Reviewed: September 27, 2009
Released: August 11, 2009
There comes a time in people’s life in which they take a moment to sit down with the young folks and tell their life’s lessons and experiences. So starts Brave: A Warrior’s Tale, in which a tribal elder calls together a group of Native American youngsters, and tells his tales of growth and learning through a series of platform-heavy flashbacks of battles endured in his youth...back in the days of the PS2.
This particular storyline is befitting of a game, which in and of itself is a flashback of an earlier form of platform title that many gamers enjoyed during the early days of console gaming. Basically, Brave looks and plays more like an early Nintendo 64 era 3D platformer than it does to any modern day fare despite the fact this is clearly a Wii-ported version of the PS2 original from a few years back.
That’s not necessarily always a bad thing, mind you – at least not when it is well executed. But in this case, well…Brave could use a little extra TLC during development. While the game would serve as a fitting example “how gaming was in the old days,” for any gaming elders trying to impress the youth of today – this is one gaming experience I am sure few old school gamers will feel compelled to revisit.
To be fair – it is quite evident that Brave was developed with the kinder folk in mind, because never during its relatively short playing time does the game ever ramp up to anything more than moderate difficulty. That’s not to say that completing the game is an easy task – oh no, the sketchy controls and unruly camera definitely make the platforming sections much more difficult than necessary – but overall, the core gameplay is rather elementary.
When I say that Brave plays like an old school platformer, I am not just sounding off – I actually experienced a number of déjà vu moments during the course of this review where I felt like I had played portions of this game before. It took me while to narrow it down, but I think I have settled on idea that Brave is strangely reminiscent of the original 3D classic Rayman 2. That is by no means a bad target to be striving after – but the gameplay is definitely dated and clunky compared to the current generation of platformers.
Brave’s presence on the Wii is merely for added exposure and some double-dipped revenue, as the game lacks any real implementation of motion control – which instantly emphasizes the weaknesses of the Wii’s clunky asymmetrical remote and nunchuk combo as a standard controller. The analog stick is far too fidgety for fluid character movement, which combined with a wonky camera makes for an overtly frustrating experience.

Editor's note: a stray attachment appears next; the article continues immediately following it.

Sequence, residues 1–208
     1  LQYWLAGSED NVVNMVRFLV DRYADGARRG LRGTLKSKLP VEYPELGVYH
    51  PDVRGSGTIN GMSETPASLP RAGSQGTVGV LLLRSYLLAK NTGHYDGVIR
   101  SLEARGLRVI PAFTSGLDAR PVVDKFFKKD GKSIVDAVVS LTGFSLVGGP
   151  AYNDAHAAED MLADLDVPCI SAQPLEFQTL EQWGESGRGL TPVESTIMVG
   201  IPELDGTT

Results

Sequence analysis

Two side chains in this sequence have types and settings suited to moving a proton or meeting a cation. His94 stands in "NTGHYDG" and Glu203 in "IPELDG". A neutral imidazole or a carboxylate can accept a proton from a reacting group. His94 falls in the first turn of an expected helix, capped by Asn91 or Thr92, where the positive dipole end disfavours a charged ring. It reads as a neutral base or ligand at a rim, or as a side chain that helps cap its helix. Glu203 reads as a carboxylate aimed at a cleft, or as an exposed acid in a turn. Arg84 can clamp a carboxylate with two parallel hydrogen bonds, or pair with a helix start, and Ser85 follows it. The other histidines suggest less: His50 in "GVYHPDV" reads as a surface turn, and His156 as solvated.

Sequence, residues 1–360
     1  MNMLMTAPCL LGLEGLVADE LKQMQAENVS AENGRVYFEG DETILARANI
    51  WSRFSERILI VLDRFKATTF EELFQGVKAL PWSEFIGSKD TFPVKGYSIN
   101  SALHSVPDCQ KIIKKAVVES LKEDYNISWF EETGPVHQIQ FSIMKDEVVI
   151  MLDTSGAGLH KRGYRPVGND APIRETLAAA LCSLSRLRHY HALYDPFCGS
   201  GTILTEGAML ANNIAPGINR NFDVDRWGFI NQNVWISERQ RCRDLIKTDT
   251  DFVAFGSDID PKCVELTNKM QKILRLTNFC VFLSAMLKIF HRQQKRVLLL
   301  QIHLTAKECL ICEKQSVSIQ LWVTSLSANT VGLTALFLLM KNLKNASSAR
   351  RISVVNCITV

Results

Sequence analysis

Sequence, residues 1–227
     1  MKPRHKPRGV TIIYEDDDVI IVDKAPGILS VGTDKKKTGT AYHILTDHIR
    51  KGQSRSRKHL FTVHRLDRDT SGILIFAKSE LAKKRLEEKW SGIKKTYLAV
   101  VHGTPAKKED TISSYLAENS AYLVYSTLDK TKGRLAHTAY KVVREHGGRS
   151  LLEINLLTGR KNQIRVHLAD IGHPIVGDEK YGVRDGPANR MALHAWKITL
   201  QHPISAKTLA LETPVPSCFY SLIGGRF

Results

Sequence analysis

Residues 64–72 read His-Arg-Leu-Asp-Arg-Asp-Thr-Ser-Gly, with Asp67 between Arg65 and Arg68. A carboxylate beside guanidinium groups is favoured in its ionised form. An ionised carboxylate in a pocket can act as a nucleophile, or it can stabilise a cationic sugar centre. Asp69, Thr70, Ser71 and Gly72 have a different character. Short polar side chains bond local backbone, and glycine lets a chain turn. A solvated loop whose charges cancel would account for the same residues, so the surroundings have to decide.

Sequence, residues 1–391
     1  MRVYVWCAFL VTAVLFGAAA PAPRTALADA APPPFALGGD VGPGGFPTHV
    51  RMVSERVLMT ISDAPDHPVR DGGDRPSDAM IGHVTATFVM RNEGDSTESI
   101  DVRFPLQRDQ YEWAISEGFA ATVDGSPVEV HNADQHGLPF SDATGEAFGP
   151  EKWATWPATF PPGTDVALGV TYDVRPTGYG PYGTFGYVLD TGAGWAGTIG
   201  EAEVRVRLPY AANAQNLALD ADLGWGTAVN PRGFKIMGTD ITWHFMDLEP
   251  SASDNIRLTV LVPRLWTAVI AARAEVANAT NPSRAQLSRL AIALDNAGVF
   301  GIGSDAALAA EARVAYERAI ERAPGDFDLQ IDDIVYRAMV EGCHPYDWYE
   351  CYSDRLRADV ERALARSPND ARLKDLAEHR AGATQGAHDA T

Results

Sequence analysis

But that’s not to say that all of Brave: A Warrior’s Tale is bad news – there are definitely some shining moments that should not be overlooked. Not the least of all is the variety of gameplay, which is quite astonishing for this budget priced title. Throughout the course of the elder’s flashbacks, gamers have the opportunity to lead their little warrior in a surprising variety of side activities – between all of the mountain climbing, spear fishing, flying, and more, there is a good deal of extraneous enjoyment to be experienced.
Visually, the game is all about the old school – with the same blocky character designs and muted colors of the early 3D titles on the Nintendo 64 and original PlayStation consoles. To be frank, a great deal of the substandard visual quality is excusable given the target audience, but if I were the developer of Brave, I would be a tad embarrassed by what is being dished out in A Warrior’s Tale. It just looks too dated and depressing – even for a Wii title.
The audio has its share of highs and lows – but never really coming out with anything all that impressive. For instance, while the game does feature a full set of voiceovers for each of the cutscenes – the lack of vocal character authenticity is almost laughable. True it might be a bit insensitive to have the elder to speak in the stereotypical Tonto, but it would probably come across better than the aging Jewish man we find here. The sound effects definitely get the job done – but nothing about them really stands out as all that impressive.
Really, if the core gameplay were not so hackneyed and predictable, Brave might be worth a weekend rental, as the game does feature its share of enjoyable moments. But considering the relatively short gameplay length (the entire storyline can be completed in a single sitting), and the frustrating controls – there’s little reason any seasoned gamer would want to go through all of the trouble. I would recommend Brave only for the youngest of gamers – those who might benefit from some experiencing old school level design.